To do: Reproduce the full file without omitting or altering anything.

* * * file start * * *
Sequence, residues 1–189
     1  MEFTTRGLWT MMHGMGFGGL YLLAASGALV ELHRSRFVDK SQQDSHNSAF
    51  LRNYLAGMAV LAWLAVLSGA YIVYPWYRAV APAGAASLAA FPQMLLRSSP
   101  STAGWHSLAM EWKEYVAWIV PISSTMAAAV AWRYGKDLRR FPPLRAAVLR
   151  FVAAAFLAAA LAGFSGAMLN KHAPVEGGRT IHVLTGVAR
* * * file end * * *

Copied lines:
Sequence, residues 1–189
     1  MEFTTRGLWT MMHGMGFGGL YLLAASGALV ELHRSRFVDK SQQDSHNSAF
    51  LRNYLAGMAV LAWLAVLSGA YIVYPWYRAV APAGAASLAA FPQMLLRSSP
   101  STAGWHSLAM EWKEYVAWIV PISSTMAAAV AWRYGKDLRR FPPLRAAVLR
   151  FVAAAFLAAA LAGFSGAMLN KHAPVEGGRT IHVLTGVAR